His primary areas of study are Genetics, Gene, Genome, Biochemistry and Nuclear gene. He incorporates Genetics and Biological sciences in his research. His study in the field of Codon usage bias, RNA, Translation and GroEL also crosses realms of Heterologous expression.
He has included themes like Ribosomal RNA and Function in his RNA study. His Genome study combines topics in areas such as Proteome and Mitochondrial DNA. His work in Biochemistry covers topics such as Molecular biology which are related to areas like Amino acid, Ribosomal protein, Tryptophan and Cysteine.
The scientist’s investigation covers issues in Genetics, Ribosome, Biochemistry, Escherichia coli and Translation. In general Genetics, his work in Genome, Gene, Phylogenetics and Codon usage bias is often linked to Rickettsia prowazekii linking many areas of study. His research in Genome intersects with topics in Evolutionary biology, Proteome and Archaea.
Charles G. Kurland has researched Ribosome in several fields, including Ribosomal RNA, Transfer RNA, Mutant and Protein biosynthesis. His biological study spans a wide range of topics, including Microbiology and Bacteria. His Translation research integrates issues from Peptide bond, GTP' and Cell biology.
His primary areas of investigation include Genetics, Genome, Evolutionary biology, Last universal ancestor and Phylogenetics. His research is interdisciplinary, bridging the disciplines of Computational biology and Genetics. Genome is a subfield of Gene that Charles G. Kurland studies.
His work on Horizontal gene transfer, Signal recognition particle RNA, Ribosome and RNA is typically connected to Spliceosome as part of general Gene study, connecting several disciplines of science. In his study, Phylogenomics, Tree of life and Bioinformatics is inextricably linked to Genome evolution, which falls within the broad field of Last universal ancestor. His studies deal with areas such as Proteomics and Comparative genomics, Genomics as well as Archaea.
Charles G. Kurland mainly focuses on Genome, Genetics, Computational biology, Archaea and Proteome. To a larger extent, he studies Gene with the aim of understanding Genome. In general Gene study, his work on Regulation of gene expression, Gene dosage, Gene cluster and Gene duplication often relates to the realm of Ancestor, thereby connecting several areas of interest.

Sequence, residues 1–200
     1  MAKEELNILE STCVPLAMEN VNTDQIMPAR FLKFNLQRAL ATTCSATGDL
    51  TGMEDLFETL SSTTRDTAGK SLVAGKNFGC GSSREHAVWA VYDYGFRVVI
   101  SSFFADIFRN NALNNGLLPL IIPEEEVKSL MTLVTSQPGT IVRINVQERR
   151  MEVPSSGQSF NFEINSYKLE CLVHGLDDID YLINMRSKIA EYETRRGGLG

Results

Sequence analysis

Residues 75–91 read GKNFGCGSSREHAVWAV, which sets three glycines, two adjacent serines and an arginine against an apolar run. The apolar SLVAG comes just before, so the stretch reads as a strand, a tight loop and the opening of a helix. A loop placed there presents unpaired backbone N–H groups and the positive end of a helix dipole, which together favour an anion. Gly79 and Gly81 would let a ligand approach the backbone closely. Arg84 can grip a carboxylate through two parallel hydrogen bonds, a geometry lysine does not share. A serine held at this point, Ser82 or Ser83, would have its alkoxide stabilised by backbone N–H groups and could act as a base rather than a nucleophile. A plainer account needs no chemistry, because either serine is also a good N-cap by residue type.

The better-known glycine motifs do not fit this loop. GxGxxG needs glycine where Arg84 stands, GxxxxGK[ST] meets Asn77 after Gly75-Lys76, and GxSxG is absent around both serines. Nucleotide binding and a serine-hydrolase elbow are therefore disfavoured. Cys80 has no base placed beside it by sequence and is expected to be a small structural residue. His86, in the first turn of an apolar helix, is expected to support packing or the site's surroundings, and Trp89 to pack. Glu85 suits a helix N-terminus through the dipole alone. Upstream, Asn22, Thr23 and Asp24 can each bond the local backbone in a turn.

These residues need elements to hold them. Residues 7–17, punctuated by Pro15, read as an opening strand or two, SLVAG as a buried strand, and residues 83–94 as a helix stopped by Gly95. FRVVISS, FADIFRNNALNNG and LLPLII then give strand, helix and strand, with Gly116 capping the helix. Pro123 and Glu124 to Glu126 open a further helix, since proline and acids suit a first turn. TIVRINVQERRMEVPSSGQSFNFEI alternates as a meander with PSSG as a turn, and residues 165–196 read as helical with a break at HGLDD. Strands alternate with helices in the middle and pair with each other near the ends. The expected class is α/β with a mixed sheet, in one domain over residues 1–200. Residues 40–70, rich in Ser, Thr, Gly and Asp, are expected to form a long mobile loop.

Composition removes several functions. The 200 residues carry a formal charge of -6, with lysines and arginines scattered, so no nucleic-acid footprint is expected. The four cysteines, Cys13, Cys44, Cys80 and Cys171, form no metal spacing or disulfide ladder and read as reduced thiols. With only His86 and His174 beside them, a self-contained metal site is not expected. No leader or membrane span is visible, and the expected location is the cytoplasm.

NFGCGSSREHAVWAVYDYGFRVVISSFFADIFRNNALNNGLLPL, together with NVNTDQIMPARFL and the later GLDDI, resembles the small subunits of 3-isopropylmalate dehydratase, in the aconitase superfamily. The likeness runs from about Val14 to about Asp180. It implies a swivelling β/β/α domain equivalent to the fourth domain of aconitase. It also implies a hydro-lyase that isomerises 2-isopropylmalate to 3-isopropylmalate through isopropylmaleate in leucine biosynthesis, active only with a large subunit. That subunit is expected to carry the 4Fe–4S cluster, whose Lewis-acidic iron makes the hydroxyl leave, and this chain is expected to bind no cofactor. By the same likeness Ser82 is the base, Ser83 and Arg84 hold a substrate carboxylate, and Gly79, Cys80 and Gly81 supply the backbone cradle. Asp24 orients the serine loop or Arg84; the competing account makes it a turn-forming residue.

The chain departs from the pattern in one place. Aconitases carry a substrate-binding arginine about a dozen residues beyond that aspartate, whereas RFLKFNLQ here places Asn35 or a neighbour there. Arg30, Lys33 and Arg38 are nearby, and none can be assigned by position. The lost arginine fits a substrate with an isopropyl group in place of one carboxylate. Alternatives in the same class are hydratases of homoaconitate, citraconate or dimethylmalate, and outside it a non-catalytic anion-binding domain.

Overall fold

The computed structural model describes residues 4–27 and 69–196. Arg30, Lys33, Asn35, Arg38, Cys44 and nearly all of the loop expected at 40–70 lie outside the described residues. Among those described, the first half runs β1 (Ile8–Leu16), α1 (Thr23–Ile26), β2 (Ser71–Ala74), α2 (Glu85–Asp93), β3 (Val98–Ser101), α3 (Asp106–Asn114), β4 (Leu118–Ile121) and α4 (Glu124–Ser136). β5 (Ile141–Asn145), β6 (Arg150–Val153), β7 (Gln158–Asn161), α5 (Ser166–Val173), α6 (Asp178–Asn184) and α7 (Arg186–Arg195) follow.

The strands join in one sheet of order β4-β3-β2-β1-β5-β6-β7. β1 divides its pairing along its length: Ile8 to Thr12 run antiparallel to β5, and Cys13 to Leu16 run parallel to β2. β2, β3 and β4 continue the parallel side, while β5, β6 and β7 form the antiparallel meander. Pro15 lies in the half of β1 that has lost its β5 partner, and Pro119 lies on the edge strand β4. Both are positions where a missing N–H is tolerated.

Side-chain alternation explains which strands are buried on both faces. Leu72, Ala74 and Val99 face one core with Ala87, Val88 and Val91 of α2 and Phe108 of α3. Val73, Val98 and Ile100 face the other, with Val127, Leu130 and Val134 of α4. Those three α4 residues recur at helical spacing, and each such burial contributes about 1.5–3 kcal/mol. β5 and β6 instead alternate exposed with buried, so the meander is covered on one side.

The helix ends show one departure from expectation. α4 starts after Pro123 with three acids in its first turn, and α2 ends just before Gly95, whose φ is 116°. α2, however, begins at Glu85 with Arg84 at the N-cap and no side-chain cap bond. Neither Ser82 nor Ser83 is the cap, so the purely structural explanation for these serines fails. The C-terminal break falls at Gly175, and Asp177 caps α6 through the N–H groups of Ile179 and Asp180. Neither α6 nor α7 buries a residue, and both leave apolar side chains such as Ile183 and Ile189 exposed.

His study in Phylogenetic tree, Phylogenetics and Maximum parsimony is done as part of Genetics. His Computational biology research includes elements of Coding region, Protein domain, Protein structure and Protein family. The study incorporates disciplines such as Evolution of cells, Proteomics, Comparative genomics, Genomics and Eukaryote in addition to Archaea.
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The genome sequence of Rickettsia prowazekii and the origin of mitochondria
Siv G. E. Andersson;Alireza Zomorodipour;Jan O. Andersson;Thomas Sicheritz-Pontén.
Co-variation of tRNA abundance and codon usage in Escherichia coli at different growth rates.
Hengjiang Dong;Lars Nilsson;Charles G. Kurland.
Journal of Molecular Biology (1996)
Codon usage determines translation rate in Escherichia coli
Michael Askvad Sørensen;C G Kurland;Steen Pedersen.
Journal of Molecular Biology (1989)
Reductive evolution of resident genomes
Siv G.E Andersson;Charles G Kurland.
Trends in Microbiology (1998)
Codon preferences in free-living microorganisms.
S. G. E. Andersson;C. G. Kurland.
Microbiological Research (1990)
Gratuitous overexpression of genes in Escherichia coli leads to growth inhibition and ribosome destruction.
Hengjiang Dong;L. Nilsson;C. G. Kurland.
Journal of Bacteriology (1995)
Horizontal gene transfer: a critical view.
Charles Kurland;Björn Canbäck;Otto Berg.
Proceedings of the National Academy of Sciences of the United States of America (2003)
Origin and Evolution of the Mitochondrial Proteome
Charles Kurland;Charles Kurland;S G E Andersson.
Microbiology and Molecular Biology Reviews (2000)
On the origin of mitochondria: a genomics perspective
Siv G E Andersson;Olof Karlberg;Björn Canbäck;Charles G Kurland.
Philosophical Transactions of the Royal Society B (2003)
Nucleoside triphosphate regeneration decreases the frequency of translation errors
Pierre C. Jelenc;C. G. Kurland.
Proceedings of the National Academy of Sciences of the United States of America (1979)
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